I object to the assumption that we need this sort of esoteric, pseudo-rational, unbiblical metaphysics in order to explain the significance of Jesus’ death for the life of his people.

I object to the obscurantism of so much of the technical theological language.

I object to the finicky, obsessive, blinkered, book-keeping scholasticism that reduces the concrete life of trust to the management of an absolute, overriding, non-negotiable soteriological abstraction.

Passover and atonement

I made a bit of a mess of this—the system let me down—but I’ve moved this lengthy conversation about the passover and atonement to a separate thread. It arose from this paragraph in response to Peter Wilkinson:

And I still don’t get this argument about the passover. I see no reference to the passover in Romans 3:21-26. I can’t find any connection in the LXX between apolutrōsis (“redemption”) and the passover. The language of justification is nowhere associated with the passover. Ezekiel 43 makes no reference to the passover—sacrifices are made for the consecration of the altar (cf. Ex. 29:37). The nations are “justified” in Isaiah 45:25, but the nations do not take part in the return from exile, whether or not it is thought of as a second exodus. Where else is dikaioō used to describe “God’s bringing his people out of the Babylonian exile in Isaiah”? The passover itself was not in any case an atoning event, the passover sacrifice was not a sacrifice for sin. The “blood of the covenant” in Matthew 26:28 is a reference to Exodus 24:8, which is also not a sacrifice for sin, rather than to the passover lamb. When Paul describes Christ as “our Passover lamb” (1 Cor. 5:7), he is not thinking of the atoning significance of Jesus’ death.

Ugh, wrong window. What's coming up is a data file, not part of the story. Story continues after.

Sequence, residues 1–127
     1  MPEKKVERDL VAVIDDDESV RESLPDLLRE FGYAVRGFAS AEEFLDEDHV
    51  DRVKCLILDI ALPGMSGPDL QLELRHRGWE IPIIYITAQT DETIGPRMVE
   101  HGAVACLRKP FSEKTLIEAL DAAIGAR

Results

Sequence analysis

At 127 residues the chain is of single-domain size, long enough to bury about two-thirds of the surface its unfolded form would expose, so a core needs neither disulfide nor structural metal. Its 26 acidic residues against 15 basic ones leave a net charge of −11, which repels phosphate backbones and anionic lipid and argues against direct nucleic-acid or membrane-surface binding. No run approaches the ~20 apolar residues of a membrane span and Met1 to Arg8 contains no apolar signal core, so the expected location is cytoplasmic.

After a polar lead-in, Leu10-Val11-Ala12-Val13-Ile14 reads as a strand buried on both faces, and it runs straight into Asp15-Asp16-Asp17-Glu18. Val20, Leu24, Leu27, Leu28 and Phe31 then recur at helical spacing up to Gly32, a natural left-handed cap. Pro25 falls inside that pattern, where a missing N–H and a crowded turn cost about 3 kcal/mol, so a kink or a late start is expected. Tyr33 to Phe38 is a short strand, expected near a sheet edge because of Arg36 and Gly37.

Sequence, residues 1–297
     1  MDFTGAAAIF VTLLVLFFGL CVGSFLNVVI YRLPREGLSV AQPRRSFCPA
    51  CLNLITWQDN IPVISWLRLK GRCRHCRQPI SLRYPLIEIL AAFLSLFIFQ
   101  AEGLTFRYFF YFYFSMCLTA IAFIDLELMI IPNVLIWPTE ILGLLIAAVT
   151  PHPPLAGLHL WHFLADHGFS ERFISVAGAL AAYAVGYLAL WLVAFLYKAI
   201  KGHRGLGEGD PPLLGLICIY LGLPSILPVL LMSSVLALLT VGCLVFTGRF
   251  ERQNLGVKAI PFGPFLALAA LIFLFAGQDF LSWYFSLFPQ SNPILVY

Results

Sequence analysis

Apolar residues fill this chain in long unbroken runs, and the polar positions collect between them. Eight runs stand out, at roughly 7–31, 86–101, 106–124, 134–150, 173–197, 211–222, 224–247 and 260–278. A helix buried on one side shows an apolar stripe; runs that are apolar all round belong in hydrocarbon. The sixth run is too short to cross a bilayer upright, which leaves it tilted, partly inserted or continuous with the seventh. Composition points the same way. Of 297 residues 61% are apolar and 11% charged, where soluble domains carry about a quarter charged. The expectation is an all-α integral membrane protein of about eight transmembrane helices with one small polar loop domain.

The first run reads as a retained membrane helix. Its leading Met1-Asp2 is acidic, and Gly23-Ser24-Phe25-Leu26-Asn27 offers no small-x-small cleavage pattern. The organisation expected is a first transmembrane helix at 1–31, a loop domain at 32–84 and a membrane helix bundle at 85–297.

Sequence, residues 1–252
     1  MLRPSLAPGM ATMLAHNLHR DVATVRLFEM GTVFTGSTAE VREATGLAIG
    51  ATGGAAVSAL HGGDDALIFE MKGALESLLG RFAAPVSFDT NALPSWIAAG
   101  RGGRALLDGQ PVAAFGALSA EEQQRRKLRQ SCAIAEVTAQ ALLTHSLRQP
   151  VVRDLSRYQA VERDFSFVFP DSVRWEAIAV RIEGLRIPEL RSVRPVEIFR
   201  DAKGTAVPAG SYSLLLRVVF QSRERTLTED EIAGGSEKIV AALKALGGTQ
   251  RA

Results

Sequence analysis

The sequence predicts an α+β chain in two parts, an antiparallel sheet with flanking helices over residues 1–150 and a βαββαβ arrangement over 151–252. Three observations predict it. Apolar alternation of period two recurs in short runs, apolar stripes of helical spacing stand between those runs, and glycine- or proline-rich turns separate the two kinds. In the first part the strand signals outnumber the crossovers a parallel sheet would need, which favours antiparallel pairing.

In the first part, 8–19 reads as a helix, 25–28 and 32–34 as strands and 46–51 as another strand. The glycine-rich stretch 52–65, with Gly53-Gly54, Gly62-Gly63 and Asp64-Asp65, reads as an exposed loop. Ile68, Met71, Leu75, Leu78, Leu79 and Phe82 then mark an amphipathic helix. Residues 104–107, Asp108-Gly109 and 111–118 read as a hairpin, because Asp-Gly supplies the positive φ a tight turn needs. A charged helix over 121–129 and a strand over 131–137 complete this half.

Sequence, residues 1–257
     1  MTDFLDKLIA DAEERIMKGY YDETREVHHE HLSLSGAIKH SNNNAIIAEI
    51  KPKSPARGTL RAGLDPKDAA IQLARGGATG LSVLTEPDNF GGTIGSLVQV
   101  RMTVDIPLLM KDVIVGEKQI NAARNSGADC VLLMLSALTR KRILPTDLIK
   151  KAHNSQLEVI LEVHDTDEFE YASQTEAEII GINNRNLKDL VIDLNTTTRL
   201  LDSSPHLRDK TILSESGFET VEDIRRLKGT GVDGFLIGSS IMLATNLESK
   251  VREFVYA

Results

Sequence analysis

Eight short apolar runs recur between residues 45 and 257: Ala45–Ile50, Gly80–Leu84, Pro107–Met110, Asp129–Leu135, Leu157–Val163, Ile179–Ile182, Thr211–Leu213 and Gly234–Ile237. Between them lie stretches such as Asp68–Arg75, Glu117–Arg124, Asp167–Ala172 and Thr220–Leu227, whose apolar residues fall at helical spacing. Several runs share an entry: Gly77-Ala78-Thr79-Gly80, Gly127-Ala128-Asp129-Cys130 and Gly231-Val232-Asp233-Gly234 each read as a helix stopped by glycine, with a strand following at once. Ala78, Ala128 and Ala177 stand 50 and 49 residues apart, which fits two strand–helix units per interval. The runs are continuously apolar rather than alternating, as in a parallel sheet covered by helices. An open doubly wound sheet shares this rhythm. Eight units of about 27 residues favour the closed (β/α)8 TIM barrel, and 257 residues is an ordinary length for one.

What was credited to Abraham by faith?

Still on the subject of judgment and works, justification and faith, and the fundamental misalignment of Reformed theology… Darren asks: “What was credited to Abraham by faith?” I’m not entirely sure what he’s getting at—he may just be asking what “it” refers to: “he counted it to him as righteousness”. If so, the answer is simply that God counted or reckoned his act of believing as righteousness. But it gives me an excuse to look a little more closely at Paul’s argument about righteousness and faith. We’ll begin with three other Old Testament passages:

  • Moses says that “it will be righteousness for us, if we are careful to do all this commandment before the LORD our God, as he has commanded us” (Deut. 6:25).
  • Having been delivered by God from his enemies, David declares: